Finally, the fatherhood portion of our work is equally important.  At Connections, we help men understand that what’s most important is to be in a child’s life, not just provide financial support.  Our fatherhood work is about reuniting families and bringing them together, and it’s part of Connections’ holistic approach to providing support to our participants.

NTJN: How do you feel the message you and Connections to Success brought to Washington was received by the delegates and their staffers?

Damion Alexander: First off, I want to say that I really enjoyed engaging the senators and representatives.  I realize now that they are people, not just some superstars out there! They are elected officials who are supposed to represent the interests of their constituents. Citizens need to participate. We do have a voice, and members of Congress have a sincere concern and they are willing to listen—and take the time to listen—to us.  That was important.

In terms of our message getting across, at this point it is difficult to gauge because we’re still in the initial phases of engaging with our delegates and showing them the important work we do at Connections.  While we were in D.C., I noticed that the legislative issues that impact minority citizens across our country weren’t necessarily the top items on the congressional agenda.  For example, it seems like the reauthorization of the Second Chance Act—which will help reduce recidivism by creating opportunities for people returning home from prisons, jails, and juvenile facilities—is not a high priority at this time with some of our members of Congress.

I think that by going to D.C., we really moved some hearts and put these important legislative issues on our delegates’ radars.  In particular, Congressman Blaine Luetkemeyer was really engaged by the work Connections is doing.  It’s the same with Congressman Emanuel Cleaver – we were featured in his newsletter the very next day!  So I do think that we had an impact, and hopefully we can gain even more momentum moving forward.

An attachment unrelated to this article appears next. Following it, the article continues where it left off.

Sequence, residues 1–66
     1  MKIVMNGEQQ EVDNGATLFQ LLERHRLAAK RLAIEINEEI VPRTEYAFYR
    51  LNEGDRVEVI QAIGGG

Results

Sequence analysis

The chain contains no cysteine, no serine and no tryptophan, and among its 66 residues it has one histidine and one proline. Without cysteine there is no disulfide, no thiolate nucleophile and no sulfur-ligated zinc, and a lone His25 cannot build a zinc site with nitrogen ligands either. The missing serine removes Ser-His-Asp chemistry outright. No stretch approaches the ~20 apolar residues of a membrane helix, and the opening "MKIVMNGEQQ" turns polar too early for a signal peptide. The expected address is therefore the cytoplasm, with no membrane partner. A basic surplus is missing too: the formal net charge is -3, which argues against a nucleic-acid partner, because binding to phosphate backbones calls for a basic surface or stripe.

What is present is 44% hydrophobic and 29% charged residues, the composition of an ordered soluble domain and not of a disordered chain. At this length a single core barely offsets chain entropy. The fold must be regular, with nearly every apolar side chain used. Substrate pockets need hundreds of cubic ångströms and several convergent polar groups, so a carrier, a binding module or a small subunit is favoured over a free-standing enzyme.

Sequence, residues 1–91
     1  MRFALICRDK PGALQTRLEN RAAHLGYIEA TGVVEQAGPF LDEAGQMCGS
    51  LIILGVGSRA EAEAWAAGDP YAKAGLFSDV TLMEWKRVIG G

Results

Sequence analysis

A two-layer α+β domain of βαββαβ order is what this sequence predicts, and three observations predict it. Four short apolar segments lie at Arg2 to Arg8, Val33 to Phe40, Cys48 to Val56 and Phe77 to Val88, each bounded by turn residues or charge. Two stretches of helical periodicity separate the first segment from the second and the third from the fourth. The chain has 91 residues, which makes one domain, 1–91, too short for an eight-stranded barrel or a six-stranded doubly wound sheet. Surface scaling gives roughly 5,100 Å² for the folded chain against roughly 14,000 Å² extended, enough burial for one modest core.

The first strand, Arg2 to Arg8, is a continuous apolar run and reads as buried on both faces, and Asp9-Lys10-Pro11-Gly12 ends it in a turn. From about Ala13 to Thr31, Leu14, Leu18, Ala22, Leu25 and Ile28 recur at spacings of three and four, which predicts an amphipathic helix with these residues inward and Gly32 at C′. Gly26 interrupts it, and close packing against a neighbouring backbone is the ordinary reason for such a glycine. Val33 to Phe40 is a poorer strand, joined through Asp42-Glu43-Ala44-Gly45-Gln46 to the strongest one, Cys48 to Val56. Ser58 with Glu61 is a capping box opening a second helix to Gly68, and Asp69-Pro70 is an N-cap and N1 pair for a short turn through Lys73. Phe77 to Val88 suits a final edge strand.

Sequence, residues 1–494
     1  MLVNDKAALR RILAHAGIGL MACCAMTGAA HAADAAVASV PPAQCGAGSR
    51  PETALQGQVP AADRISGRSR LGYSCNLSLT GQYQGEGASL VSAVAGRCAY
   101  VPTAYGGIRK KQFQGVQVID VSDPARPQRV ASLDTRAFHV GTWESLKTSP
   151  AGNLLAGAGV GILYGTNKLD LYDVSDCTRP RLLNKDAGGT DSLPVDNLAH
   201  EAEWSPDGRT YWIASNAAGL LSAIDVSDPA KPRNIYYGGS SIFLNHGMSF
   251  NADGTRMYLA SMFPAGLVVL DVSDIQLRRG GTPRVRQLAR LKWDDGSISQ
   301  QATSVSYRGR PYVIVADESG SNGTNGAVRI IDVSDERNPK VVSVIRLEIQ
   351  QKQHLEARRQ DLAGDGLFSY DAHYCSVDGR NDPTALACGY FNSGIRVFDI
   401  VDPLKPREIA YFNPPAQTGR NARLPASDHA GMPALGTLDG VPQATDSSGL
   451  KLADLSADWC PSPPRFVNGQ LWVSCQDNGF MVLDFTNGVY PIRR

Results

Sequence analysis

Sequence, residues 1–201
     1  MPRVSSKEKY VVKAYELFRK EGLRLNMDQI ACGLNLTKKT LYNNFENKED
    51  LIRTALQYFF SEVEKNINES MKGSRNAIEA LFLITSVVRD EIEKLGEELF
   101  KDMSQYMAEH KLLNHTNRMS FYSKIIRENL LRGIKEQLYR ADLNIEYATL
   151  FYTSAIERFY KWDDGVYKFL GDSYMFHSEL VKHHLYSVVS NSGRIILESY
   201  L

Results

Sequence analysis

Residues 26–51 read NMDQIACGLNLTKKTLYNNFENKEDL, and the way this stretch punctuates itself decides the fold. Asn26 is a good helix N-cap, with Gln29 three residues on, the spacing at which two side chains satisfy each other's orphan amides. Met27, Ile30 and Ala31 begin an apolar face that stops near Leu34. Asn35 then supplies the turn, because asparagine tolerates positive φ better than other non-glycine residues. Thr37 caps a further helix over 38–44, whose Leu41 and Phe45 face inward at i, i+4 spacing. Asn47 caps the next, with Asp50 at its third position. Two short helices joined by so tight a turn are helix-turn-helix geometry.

NTJN: How would you like to see elected officials support the efforts of Connections to Success and other programs like it?

Damion Alexander: I would love to see our elected officials create and support legislation that will lead to positive outcomes for Connections’ program participants and their families.  One policy issue that is especially important to us, and that’s already in effect in Kansas, is the reduction of child support debts that an individual owes to the state.  

At Connections, we’re striving to help people living in poverty succeed in employment and achieve economic self-sufficiency.  It’s important to recognize that punitive child support policies can exacerbate barriers to employment.  For example, a father who owes but is unable to pay child support because he simply doesn’t earn enough money can be prosecuted and incarcerated for a felony.  While incarcerated, that father can’t make payments, continues to accrue child support debt, and is going to have a very difficult time finding a job upon release.  What’s more, we know that fathers with huge child support debt and who are unemployed are less active in their children’s lives—it’s a vicious cycle.